The film is presented in its proper 2.39:1 theatrical aspect ratio. As with the Sony disc, the high dynamic range grade is restrained—which is good given that the film was already vibrant—allowing for truly dark blacks and highlights that gleam brightly but fall just short of being eye-reactive. It is however, just a little bit warmer looking than the Sony grade. But here’s the clincher; not only does this disc include HDR10, it offers Dolby Vision HDR for the first time on disc as well (not noted on the packaging).

Fine detail and texturing are very good and the grain is now a bit more stable given the better encode (the film was shot in Super 35 format, so grain is to be expected). The image is pleasantly film-like, though the visual effects do still have a slight digitally-processed appearance, with a bit of haloing visible on high contrast edges (not seen in the live action footage). This is actually inherent in the film master, an artifact of what was then state-of-the-art in digital post production and visual effects capability at the time The Fifth Element was completed back in 1997. Nevertheless, this is a pleasing presentation and certainly one that bests the already strong Sony 4K—that extra data rate (and the inclusion of Dolby Vision) makes a real difference.

In terms of audio, the 4K disc includes the exact same English Dolby Atmos mix (compatible with 7.1 Dolby TrueHD systems) that was available on both the Sony 4K UHD and their previous Cinema Series Blu-ray. It’s smooth, with highly immersive staging, livelier panning, and slightly deeper bass. The height channels are used to fine effect, especially during the “street” sequence, when Leeloo leaps off the side of a building and crashes into Dallas’ cab. It’s a great mix. Unlike the Sony disc, however, there are no additional audio or subtitle options. It’s English Dolby Atmos with English HOH subtitles only.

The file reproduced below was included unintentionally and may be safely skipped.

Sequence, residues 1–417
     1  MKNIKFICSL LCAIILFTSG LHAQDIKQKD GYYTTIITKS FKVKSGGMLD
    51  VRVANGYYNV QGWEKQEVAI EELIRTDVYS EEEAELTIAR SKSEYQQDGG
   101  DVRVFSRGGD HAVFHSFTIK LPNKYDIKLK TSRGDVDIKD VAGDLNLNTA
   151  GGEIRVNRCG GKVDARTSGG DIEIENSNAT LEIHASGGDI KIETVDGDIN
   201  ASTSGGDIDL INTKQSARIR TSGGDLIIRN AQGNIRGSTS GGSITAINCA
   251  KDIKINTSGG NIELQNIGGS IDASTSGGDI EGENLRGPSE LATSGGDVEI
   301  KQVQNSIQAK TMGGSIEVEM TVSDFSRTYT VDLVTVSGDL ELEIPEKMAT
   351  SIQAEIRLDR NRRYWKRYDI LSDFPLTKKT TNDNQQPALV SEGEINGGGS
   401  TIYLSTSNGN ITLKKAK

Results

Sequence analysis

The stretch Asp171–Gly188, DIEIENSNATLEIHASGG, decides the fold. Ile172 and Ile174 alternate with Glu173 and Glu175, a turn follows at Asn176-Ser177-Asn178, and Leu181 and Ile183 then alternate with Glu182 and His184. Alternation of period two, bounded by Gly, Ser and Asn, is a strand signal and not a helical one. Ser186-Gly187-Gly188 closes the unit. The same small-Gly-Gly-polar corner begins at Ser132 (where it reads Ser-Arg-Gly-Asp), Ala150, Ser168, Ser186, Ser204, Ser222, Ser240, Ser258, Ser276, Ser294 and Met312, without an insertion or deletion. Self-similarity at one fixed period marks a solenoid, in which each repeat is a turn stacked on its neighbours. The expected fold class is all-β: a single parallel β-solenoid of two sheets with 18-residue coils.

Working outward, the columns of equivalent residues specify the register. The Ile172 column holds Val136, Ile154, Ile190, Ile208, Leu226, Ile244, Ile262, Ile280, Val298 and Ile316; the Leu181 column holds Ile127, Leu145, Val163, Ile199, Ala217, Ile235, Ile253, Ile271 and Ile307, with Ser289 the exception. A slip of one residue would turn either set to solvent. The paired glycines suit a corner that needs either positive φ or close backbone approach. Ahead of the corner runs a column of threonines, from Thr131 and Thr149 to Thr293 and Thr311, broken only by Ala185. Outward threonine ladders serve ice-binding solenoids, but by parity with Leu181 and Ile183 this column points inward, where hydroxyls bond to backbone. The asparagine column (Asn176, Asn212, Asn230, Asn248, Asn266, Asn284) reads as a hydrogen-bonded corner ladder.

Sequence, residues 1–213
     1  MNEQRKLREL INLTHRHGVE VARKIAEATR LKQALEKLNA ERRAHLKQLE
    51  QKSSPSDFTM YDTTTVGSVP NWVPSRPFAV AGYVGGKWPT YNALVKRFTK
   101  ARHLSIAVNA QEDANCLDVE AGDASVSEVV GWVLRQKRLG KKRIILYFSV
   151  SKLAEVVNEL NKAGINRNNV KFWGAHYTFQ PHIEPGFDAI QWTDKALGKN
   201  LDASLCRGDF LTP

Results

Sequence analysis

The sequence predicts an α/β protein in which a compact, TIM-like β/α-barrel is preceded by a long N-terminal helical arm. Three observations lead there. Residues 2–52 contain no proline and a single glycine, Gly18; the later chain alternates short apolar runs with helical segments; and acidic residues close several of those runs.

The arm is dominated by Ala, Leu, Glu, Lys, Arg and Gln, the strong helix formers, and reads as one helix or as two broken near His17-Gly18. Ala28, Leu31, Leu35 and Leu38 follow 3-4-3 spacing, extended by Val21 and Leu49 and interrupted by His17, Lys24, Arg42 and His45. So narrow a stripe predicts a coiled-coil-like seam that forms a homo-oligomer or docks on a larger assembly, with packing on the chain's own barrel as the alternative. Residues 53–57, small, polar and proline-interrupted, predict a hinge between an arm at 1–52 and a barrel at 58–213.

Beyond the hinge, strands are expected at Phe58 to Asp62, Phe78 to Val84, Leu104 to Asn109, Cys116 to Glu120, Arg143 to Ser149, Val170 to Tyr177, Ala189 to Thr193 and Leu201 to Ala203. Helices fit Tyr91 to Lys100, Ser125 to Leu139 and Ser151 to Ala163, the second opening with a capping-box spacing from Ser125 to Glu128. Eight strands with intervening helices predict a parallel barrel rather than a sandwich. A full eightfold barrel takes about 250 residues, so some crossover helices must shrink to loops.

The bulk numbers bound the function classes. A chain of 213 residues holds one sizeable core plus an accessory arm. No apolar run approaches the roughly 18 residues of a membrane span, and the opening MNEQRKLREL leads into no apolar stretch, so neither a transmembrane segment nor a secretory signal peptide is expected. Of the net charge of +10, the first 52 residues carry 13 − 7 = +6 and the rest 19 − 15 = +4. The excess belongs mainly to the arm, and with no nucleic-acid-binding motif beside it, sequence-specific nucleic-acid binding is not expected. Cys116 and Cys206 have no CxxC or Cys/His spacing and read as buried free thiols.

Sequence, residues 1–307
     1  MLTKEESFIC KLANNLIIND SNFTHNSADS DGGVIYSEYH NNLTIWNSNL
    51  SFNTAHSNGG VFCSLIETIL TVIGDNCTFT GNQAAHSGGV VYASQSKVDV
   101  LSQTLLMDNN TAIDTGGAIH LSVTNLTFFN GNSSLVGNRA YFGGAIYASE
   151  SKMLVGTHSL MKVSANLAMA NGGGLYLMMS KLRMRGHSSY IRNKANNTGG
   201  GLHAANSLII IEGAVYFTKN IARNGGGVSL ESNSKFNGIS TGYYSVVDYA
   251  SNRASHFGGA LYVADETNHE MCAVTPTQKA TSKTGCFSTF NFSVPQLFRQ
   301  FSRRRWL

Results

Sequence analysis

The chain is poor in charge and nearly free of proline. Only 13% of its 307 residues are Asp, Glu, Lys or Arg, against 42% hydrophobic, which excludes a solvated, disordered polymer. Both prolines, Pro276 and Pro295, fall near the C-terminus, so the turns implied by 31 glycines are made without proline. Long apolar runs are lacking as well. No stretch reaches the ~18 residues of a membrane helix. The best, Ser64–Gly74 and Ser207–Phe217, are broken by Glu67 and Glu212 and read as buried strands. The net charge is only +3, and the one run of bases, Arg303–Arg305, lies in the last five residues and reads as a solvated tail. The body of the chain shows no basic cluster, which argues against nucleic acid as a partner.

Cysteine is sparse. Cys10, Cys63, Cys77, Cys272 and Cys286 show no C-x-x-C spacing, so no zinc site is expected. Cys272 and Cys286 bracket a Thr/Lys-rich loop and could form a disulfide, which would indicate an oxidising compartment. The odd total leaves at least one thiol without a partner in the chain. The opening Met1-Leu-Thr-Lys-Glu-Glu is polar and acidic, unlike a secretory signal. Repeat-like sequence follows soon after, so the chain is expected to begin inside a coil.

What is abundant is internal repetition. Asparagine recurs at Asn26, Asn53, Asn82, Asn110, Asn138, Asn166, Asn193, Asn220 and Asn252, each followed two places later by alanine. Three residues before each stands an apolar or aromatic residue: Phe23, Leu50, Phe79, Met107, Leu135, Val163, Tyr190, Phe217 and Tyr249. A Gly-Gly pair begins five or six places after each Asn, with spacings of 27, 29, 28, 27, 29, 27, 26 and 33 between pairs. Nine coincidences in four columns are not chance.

There are also no extras here on either the 4K disc or the included 1080p movie Blu-ray. It does, however, appear that the Blu-ray (which is Region B only) is mastered from the same 4K presentation and is also a new encode (it features the Atmos mix as well). Because of the lack of extras, the video data rate on this disc too is 5-8 Mbps higher on average than it is on the US Blu-ray. But again, there are a lot of special features missing here. Refer to my review of Sony’s 2017 4K release for the complete details on what’s been omitted.

The Fifth Element is not the best science fiction film you’ll ever see, but it’s certainly among the more unique and intriguing. Even at its most outrageous, it remains fully entertaining and engaging, with a strange but functionally believable futuristic world that grows more enjoyable with each viewing. StudioCanal’s 4K Ultra HD release is bare bones, but offers a definite upgrade in image quality over Sony’s 2017 UHD. While it’s still not quite at the level of modern film releases in 4K, this is the best this film has ever looked at home. So if you’re a fan of The Fifth Element, StudioCanal’s new edition is worth considering.

- Bill Hunt

(You can follow Bill on social media on Twitter and Facebook)